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Pope Francis blasts the weapons industry, appeals for peace in Christmas message

Pope Francis calls for peace
Pope Francis calls for peace in his Christmas prayers 00:24

Pope Francis on Monday blasted the weapons industry and its "instruments of death" that fuel wars, as he made a Christmas Day appeal for peace in the world and in particular between Israel and the Palestinians.

Speaking from the loggia of St. Peter's Basilica to the throngs of people below, Francis said he grieved the "abominable attack" of Hamas against southern Israel on Oct. 7 and called for the release of hostages. And he begged for an end to Israel's military campaign in Gaza and the "appalling harvest of innocent civilians" as he called for humanitarian aid to reach those in need.

Pope Francis waves from the balcony of St. Peter's basilica on Christmas
Pope Francis stands at the balcony of St. Peter's basilica to deliver the Christmas blessing known as Urbi et Orbi, in St. Peter's Square at the Vatican, on Dec. 25, 2023. TIZIANA FABI/AFP via Getty Images

Francis devoted his Christmas Day blessing to a call for peace in the world, noting that the biblical story of the birth of Christ in Bethlehem sent a message of peace. But he said that Bethlehem "is a place of sorrow and silence" this year.

"My heart grieves for the victims of the abominable attack of 7 October, and I reiterate my urgent appeal for the liberation of those still being held hostage," he said during the "Urbi and Orbi" ("To the City and the World") blessing. "I plead for an end to the military operations with their appalling harvest of innocent civilian victims, and call for a solution to the desperate humanitarian situation by an opening to the provision of humanitarian aid."

Francis' annual "Urbi et Orbi" speech typically offers a lament of all the misery facing the world, and this year's edition was no different. From Armenia and Azerbaijan to Syria and Yemen, Ukraine to South Sudan and Congo and the Korean peninsula, Francis appealed for humanitarian initiatives, dialogue and security to prevail over violence and death.

He called for governments and people of goodwill in the Americas in particular to address the "troubling phenomenon" of migration and its "unscrupulous traffickers" who take advantage of innocents just looking for a better life.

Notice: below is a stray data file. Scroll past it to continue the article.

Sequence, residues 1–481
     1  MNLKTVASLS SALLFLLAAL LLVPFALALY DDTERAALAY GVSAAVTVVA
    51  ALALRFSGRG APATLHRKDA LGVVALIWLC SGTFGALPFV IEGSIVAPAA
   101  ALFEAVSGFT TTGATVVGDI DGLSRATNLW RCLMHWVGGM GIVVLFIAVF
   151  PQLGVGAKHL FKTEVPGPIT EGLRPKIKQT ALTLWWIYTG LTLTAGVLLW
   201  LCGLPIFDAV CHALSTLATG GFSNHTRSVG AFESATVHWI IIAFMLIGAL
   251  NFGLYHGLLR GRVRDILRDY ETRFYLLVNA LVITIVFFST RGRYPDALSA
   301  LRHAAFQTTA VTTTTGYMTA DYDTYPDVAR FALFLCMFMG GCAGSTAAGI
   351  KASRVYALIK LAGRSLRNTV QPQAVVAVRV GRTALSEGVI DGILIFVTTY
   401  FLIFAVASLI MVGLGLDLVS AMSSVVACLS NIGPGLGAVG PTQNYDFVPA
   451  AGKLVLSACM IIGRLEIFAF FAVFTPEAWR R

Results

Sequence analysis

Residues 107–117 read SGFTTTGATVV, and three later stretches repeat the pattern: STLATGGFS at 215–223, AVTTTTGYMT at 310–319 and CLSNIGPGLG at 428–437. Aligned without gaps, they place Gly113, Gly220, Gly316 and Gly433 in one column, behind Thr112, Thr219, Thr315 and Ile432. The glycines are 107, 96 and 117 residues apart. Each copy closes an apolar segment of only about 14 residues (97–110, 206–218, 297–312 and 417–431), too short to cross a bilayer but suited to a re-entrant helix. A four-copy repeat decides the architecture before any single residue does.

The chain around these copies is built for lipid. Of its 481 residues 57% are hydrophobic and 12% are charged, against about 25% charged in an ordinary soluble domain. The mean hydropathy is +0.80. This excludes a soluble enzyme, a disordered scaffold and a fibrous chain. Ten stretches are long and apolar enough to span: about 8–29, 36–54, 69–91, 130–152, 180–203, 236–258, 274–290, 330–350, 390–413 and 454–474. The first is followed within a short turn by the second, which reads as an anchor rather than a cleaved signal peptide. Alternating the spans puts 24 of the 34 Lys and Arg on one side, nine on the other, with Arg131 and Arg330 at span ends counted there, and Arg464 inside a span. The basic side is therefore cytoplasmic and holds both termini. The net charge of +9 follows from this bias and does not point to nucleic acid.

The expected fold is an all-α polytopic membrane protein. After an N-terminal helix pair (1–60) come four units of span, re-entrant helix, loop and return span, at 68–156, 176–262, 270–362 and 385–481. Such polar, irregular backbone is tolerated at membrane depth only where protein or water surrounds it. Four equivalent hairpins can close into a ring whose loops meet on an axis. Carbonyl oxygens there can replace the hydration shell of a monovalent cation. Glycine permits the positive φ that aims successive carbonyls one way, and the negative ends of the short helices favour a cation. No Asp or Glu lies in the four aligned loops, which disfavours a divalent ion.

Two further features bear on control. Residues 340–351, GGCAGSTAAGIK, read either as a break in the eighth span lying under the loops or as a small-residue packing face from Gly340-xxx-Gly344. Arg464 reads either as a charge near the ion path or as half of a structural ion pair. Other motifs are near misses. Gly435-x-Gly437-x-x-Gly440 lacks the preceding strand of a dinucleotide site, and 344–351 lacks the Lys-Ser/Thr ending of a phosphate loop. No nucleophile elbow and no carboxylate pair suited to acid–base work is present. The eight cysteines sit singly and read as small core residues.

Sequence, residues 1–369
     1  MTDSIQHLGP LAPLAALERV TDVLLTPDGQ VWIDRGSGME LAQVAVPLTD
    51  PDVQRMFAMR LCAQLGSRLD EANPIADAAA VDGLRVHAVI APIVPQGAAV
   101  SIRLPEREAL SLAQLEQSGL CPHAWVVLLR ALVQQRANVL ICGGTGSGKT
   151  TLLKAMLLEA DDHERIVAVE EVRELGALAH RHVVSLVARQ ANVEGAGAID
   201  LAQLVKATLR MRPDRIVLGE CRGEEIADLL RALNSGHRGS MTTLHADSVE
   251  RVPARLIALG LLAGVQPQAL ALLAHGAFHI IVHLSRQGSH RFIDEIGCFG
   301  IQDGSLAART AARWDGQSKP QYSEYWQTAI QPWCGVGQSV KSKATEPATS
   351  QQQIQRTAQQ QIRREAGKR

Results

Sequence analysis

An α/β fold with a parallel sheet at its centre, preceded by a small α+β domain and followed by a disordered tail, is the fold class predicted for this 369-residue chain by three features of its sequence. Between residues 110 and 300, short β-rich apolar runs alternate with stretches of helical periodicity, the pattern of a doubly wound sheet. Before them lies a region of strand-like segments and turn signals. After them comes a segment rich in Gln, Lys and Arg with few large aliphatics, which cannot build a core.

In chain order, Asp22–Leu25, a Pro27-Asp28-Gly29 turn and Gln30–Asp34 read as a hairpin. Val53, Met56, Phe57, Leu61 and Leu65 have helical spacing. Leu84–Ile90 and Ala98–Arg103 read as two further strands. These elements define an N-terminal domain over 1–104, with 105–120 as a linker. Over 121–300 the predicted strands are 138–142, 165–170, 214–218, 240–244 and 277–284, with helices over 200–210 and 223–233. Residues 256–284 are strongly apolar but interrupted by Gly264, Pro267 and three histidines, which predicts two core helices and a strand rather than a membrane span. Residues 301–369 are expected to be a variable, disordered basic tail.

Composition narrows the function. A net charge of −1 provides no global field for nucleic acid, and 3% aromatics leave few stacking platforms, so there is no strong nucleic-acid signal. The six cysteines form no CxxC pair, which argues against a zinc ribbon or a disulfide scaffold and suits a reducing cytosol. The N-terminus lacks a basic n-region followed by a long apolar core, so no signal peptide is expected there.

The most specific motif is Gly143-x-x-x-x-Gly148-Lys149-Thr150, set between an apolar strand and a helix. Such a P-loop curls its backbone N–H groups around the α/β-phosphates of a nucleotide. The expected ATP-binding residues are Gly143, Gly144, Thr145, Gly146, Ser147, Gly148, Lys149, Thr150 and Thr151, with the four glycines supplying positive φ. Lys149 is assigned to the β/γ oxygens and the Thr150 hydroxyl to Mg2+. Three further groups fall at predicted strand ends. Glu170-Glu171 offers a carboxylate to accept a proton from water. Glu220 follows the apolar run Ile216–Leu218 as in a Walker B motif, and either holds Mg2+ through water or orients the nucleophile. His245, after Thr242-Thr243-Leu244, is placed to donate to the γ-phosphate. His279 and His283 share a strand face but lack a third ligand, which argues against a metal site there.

He took particular aim at the weapons industry, which he said was fueling the conflicts around the globe with scarcely anyone paying attention.

"It should be talked about and written about, so as to bring to light the interests and the profits that move the puppet strings of war," he said. "And how can we even speak of peace, when arms production, sales and trade are on the rise?"

Francis has frequently blasted the weapons industry as "merchants of death" and has said that wars today, in Ukraine, in particular, are being used to try out new weapons or use up old stockpiles.

Pope Francis Celebrates Christmas Night Mass 2023 At Vatican
Pope Francis presides over the Christmas night Mass at St. Peter's Basilica on Dec. 24, 2023 at the Vatican. Divisione Produzione Fotografica / Getty Images

He called for peace between Israel and Palestinians, and for the conflict to be resolved "through sincere and persevering dialogue between the parties, sustained by strong political will and the support of the international community." 

The devastating conflict in the Middle East was a theme of his comments on Christmas Eve, as well, when the pontiff said, "Tonight, our hearts are in Bethlehem, where the Prince of Peace is once more rejected by the futile logic of war, by the clash of arms that even today prevents him from finding room in the world."

Pope Francis, who is 87 years old and has struggled with a number of health issues, including a recent bout with what the Vatican described as "lung inflammation," used a wheelchair during parts of his Christmas events at the Vatican.

Christmas Mass in Vatican
Pope Francis used a wheelchair during Christmas Mass held at St. Peter's Basilica in Vatican City on Dec. 24, 2023.  Baris Seckin/Anadolu via Getty Images
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